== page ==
Monday, February 05, 2007

Wildlife is no 'wild guess' for these experts

Saving endangered species from extinction, that's what a group of wildlife experts from USA, African and European countries will talk about at a two-day international symposium which begins on February 27 at Karnavati Club in Ahmedabad.

The symposium on 'Conservation of Endangered Species' has been jointly organised by the State Forest Department and Mumbai-based Vanishing Herds Foundation.

"Our main objective is to deliberate on conserving endangered species across the globe. More importantly, we wanted to get inputs on preserving Gujarat's wildlife from renowned experts in the field," said Principal Chief Conservator of Forests Pradeep Khanna on Monday.

Among the prominent wildlife experts expected to participate in the symposium are Don Hunt, chairman of Mount Kenya Wildlife Conservancy; Iris Hunt, who established Mount Kenya Animal Orphanage; Dr Betsy L Dresser, who is considered to be the world's foremost specialist in 'big cat' reproduction and genetics; Stefanie Powers, a Fellow of the Los Angeles Zoo and also a member on the advisory board of the Atlanta and Columbus Zoos;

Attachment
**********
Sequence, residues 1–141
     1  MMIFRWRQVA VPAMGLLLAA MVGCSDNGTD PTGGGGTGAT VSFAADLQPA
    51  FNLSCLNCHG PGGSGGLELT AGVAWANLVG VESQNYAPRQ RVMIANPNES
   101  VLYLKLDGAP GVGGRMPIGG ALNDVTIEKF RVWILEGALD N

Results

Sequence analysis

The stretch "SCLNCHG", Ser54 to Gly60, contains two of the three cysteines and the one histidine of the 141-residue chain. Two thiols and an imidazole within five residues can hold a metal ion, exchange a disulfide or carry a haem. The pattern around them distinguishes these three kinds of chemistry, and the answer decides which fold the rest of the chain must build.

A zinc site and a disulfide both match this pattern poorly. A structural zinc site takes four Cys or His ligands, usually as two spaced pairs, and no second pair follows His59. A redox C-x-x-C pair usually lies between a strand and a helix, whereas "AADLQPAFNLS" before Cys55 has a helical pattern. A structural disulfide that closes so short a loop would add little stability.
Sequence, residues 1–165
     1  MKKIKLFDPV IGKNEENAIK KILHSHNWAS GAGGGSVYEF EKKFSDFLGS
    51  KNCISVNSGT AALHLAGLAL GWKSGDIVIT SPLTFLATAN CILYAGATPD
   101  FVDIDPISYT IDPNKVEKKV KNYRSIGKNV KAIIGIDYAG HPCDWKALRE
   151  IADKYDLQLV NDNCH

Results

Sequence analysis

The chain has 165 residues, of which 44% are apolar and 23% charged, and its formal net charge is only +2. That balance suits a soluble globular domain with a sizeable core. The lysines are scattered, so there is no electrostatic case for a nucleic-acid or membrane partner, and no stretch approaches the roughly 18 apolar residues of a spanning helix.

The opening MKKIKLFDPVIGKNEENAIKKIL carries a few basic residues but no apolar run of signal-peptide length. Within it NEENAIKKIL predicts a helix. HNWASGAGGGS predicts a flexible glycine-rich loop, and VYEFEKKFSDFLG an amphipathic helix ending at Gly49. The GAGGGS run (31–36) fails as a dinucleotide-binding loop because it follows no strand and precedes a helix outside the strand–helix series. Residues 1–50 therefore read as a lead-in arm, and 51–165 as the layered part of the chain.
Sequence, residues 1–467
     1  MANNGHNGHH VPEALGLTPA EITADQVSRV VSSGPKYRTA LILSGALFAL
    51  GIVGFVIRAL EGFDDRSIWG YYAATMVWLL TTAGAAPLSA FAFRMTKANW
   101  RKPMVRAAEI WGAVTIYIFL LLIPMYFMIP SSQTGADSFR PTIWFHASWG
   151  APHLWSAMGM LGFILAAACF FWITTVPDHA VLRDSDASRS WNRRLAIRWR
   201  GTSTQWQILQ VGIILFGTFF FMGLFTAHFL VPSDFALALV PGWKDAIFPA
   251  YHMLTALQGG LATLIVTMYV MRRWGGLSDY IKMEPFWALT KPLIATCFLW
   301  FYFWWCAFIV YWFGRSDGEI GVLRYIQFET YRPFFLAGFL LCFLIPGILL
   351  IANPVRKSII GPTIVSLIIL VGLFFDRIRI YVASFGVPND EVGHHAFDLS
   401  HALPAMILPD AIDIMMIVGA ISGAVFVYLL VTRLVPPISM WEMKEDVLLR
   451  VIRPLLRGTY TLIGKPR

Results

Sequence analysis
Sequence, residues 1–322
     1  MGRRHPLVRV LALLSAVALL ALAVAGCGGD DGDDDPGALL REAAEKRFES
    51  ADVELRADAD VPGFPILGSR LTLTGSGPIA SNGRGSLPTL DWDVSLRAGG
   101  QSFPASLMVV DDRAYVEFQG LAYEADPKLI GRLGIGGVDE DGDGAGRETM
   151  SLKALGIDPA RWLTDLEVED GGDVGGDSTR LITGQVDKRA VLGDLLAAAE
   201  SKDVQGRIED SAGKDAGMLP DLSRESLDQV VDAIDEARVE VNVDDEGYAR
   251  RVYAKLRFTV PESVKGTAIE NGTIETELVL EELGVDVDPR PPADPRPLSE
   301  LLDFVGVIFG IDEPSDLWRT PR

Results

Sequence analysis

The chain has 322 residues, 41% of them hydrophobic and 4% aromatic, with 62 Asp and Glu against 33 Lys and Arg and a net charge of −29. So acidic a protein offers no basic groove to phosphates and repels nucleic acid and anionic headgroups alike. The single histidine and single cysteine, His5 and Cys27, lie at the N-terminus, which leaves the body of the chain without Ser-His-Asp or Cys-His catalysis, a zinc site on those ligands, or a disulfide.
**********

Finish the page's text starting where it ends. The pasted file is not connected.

Dr Stephanie Dloniak, a Zoology professor at Michigan State University and also the Director of The Mara Carnivore Conservation project, and, Scotland-based

Dr Roger Windsor, an expert in veterinary wildlife science.Giving profiles of the experts, Khanna said: "Don Hunt was part of a Kenyan Government project to stop wildlife, especially the rare White Zebra and Bongo antelope, from decimating.

The project, which lasted 35 years, is one of Africa's greatest success stories as not only did the decimation stop, the numbers of wildlife also increased significantly."

"Don Hunt's wife, Iris, is credited with the setting up of the Mount Kenya Animal Orphanage, a privately-funded animal shelter and refuge for wild animals with special needs.

The orphanage has become a model for a number of wildlife projects across the world. She has also been assisting her husband with wildlife translocations," he said adding that during the symposium, she will talk about the importance of an animal shelter in cohesive conservation programmes.

"Dr Dresser has worked with the University of Cincinnati's Medical Centre and is the senior vice president of the Audubon Centre for Research on Endangered Species. Her goal is to save endangered species from extinction through use of high-tech reproduction such as embryo transfers and in-vitro fertilisation.

Ms Winnie Kiiru, another eminent wildlife conservationist to participate in the symposium, will speak on "man-animal conflicts" and "large mammal translocation".

No comments: